This would be used in a scenario when you must have a passphrase when creating ssh keys. If you don’t have a requirement to use a passphrase just press enter when prompted for one when doing ssh-keygen, and ignore the ssh-agent steps.

Having already installed openssh.

On source machine –

ssh-keygen -t dsa -f ~/.ssh/id_dsa -C user@server

Copy key to target machine –

cat ~/.ssh/ | ssh user@server 'cat - ~/.ssh/authorized_keys'

or just copy and paste the contents of ~/.ssh/ into ~/.ssh/authorized_keys on your target server.

Check authentication works (should ask for a passphrase) –

ssh user@server

Add the following to .profile

if [ -z $SSH_AUTH_SOCK ]; then
eval ssh-agent -s
ssh-add ~/.ssh/id_dsa

Restart shell to load agent.

If you get a “Could not open a connection to your authentication agent.” error try this instead :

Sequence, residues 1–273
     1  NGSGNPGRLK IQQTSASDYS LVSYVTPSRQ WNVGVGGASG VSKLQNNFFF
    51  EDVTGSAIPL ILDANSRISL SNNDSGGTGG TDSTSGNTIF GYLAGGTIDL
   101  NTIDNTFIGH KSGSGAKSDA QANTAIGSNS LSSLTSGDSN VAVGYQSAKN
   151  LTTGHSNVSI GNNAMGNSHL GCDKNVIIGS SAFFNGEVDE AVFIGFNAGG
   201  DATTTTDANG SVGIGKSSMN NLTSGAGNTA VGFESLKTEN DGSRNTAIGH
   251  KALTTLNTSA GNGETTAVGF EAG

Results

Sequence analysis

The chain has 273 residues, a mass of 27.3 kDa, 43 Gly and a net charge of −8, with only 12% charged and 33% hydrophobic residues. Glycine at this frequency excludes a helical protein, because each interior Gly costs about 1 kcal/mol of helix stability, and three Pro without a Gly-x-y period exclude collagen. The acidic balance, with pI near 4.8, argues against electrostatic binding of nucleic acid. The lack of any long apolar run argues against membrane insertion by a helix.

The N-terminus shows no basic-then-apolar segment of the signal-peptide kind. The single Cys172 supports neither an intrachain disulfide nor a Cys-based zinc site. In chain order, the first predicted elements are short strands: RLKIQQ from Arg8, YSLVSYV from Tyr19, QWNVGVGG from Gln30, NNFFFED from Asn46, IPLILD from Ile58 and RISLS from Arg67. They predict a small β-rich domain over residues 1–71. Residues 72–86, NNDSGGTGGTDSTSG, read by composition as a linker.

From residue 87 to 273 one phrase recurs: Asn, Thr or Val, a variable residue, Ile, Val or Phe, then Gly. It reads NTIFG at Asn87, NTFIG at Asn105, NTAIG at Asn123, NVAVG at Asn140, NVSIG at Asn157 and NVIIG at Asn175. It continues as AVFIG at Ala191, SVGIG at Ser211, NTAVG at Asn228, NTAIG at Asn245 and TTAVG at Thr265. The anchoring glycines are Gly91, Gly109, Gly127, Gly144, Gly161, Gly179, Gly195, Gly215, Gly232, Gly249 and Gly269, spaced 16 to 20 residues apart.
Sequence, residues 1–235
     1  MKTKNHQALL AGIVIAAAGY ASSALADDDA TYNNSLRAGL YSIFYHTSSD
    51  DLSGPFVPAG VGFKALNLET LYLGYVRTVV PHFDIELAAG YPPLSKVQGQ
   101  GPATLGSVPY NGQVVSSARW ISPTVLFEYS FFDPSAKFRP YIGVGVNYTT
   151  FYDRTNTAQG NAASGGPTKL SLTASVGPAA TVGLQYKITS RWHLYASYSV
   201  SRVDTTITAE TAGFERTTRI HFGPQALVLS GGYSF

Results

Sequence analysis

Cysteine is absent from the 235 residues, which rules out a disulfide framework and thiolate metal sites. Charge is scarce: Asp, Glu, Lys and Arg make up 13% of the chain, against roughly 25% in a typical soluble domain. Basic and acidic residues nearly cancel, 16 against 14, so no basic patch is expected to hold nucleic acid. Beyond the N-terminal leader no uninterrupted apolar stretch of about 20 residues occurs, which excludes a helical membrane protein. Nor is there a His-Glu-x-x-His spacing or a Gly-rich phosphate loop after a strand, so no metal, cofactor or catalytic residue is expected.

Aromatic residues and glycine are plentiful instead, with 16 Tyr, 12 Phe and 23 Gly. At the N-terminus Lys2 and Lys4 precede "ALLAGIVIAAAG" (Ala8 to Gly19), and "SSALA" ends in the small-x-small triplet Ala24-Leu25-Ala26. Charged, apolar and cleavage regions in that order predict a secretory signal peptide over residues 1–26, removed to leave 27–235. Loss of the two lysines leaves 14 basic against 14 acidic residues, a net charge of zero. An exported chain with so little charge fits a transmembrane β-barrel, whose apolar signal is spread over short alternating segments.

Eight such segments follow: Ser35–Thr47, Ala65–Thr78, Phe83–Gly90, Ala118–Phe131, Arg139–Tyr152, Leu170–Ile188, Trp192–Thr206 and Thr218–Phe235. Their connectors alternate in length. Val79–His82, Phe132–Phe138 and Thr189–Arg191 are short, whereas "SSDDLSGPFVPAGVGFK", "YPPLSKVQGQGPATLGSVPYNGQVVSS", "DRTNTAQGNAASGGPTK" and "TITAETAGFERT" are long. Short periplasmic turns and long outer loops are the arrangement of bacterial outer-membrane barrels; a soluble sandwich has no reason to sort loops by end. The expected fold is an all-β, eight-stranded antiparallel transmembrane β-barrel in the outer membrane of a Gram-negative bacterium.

eval $(ssh-agent)

Test with –

ssh user@server

So at this point the ssh-agent should provide the key to the authentication process and you should not be prompted to enter a passphrase.

If there are problems:

    Check that the ~/.ssh directory and the ~/.ssh/authorized_keys file are set to 600 perms (rw- for owner only).
    Use -vvv options with ssh to show debug information.
    Check hostname resolution in both directions.
    Check sshd is running on both servers.

About troyski

I'm a freelance UNIX engineer working in the UK. I'm married to Tina and between us we have six children. I'm a bit of an Apple fan boy, and all the Windows machines in the house are a thing of the past now.

This site uses Akismet to reduce spam. Learn how your comment data is processed.

Post navigation